Stretch the upper and lower limbs. Hold each stretch for 20 seconds or more and do 2-3 reps.
Use your legs as shock absorbers after each jump. Position your shoulders directly over your knees, which should be pinned over your toes.
Strengthen your core, which includes the muscles in your back, hips, and abdomen. Do basic exercises every day to maintain your strength.
Participate in balance training using stationary and dynamic activities.
Similar to gymnasts, cheerleaders are physically supported by other team members, so athletes at the base — of a pyramid, for example — need to be in peak condition to perform safely. Participants in any sport can sustain injuries from overuse; in repetitive sports, such as cheerleading, you may suffer long-term effects. If you don’t change course, the injury can get worse over time and you could eventually lose function in one of your limbs. Look for signs that an injury is significant, which means you need to get the athlete treated as soon as possible.
Symptoms may include:
tenderness on the bone
Weakness or numbness
Inability to move any part of the body
Swelling or bruising
Parents, coaches and teammates can help athletes recover by encouraging treatment and decreasing performance pressure. By educating teams of cheerleaders, basketball players, and personnel in any other sport, you can minimize risk and encourage early intervention to speed the healing process.
It’s easy to monitor injuries by scheduling routine visits to a chiropractor. You’ll notice the changes as they happen, which means you can start chiropractic treatment right away.
Other Spring Sports Injuries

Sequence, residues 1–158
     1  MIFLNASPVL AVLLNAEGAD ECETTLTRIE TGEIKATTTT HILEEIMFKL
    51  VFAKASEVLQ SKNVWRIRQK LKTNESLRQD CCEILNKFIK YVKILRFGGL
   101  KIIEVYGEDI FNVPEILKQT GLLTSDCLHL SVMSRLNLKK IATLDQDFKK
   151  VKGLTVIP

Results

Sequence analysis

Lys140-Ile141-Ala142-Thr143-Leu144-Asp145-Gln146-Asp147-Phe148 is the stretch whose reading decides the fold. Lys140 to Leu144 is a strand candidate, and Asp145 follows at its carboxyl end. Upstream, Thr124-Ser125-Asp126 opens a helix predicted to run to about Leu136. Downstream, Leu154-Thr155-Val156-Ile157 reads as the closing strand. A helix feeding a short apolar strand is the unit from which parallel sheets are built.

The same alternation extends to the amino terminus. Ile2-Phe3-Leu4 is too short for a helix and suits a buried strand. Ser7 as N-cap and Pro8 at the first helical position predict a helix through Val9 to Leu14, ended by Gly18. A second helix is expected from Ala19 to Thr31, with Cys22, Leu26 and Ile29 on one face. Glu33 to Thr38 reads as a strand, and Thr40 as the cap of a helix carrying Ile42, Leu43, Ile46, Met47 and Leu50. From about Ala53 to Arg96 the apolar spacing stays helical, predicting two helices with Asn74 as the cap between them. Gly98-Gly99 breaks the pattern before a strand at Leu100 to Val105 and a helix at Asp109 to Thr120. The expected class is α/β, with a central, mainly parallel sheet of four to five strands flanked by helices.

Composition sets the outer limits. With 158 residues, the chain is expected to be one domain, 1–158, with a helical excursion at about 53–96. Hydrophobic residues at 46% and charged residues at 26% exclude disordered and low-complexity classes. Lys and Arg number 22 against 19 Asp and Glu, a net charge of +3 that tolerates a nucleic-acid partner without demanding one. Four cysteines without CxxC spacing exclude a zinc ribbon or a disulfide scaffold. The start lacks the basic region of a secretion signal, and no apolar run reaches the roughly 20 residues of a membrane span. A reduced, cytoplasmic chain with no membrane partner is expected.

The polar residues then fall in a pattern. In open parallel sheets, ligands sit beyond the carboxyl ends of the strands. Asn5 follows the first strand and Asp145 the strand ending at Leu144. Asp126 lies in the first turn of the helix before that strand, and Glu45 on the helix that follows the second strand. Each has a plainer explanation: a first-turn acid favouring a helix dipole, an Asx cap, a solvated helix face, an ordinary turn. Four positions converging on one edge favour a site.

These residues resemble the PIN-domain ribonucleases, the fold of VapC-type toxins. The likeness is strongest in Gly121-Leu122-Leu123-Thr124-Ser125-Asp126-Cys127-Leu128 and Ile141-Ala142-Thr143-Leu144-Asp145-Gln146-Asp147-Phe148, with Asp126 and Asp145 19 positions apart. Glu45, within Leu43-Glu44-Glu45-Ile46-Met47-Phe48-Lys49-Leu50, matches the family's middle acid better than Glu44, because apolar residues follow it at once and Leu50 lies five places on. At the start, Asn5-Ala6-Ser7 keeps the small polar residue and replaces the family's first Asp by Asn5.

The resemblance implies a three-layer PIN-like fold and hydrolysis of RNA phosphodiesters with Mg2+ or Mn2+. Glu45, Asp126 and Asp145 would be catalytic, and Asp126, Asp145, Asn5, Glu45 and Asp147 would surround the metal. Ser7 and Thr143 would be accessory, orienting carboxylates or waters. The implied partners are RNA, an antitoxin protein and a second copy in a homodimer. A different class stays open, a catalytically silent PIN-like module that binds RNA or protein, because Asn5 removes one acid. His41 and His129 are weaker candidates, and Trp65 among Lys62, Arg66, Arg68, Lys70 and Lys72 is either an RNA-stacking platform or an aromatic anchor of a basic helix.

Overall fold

Millions of children participate in youth sports programs in the spring, but if they sit out through the winter, they need to prepare for action with proper conditioning. Some of the most popular spring sports include baseball and softball, track and field, boys’ volleyball, golf, lacrosse, and tennis.
You don’t have to play competitive contact sports to be at risk of injury. The Boystown Hospital website lists some of the most common injuries during the spring sports season:
The groin pulls
These injuries are preventable, but they require the athlete’s attention. Prevention tips include:
Warm up – Take the time to stretch before any form of activity. You can warm up by walking, running, jumping jacks, or another physical practice.
Condition properly – Start training before the start of the season. Tennis and baseball players should strengthen their shoulders and golfers should stretch their lower back.
Be aware of your body – From staying hydrated to muscle fatigue, playing athletics requires maximum function.
Use appropriate equipment – Wear protective gear when playing contact sports such as baseball, football, and boxing. Replace equipment when worn or in need of repair.
When Spring Sports – or, significantly, March Madness – is underway, you can cheer on your favorite team and place your bet in the office pool. The outcome is never certain, of course, but it’s a safe bet that most viewers aren’t tuned in to cheerleader safety. Although the cheering team does most of its work on the sidelines, injury prevention and treatment should be a primary concern.
The information, including but not limited to text, graphics, images and other items contained on this page is for informational purposes only. The purpose of this article is to promote broad consumer understanding and knowledge of various health topics, including but not limited to the benefits of chiropractic care, exercise, and nutrition. It is not intended to provide or replace professional medical advice, diagnosis or treatment. Always seek the advice of your chiropractor, physician, or other qualified health care provider with any questions you may have regarding a medical condition or treatment and before embarking on any new health care regimen, and never neglect a professional medical advice or do not delay seeking it because of something. you read on this page.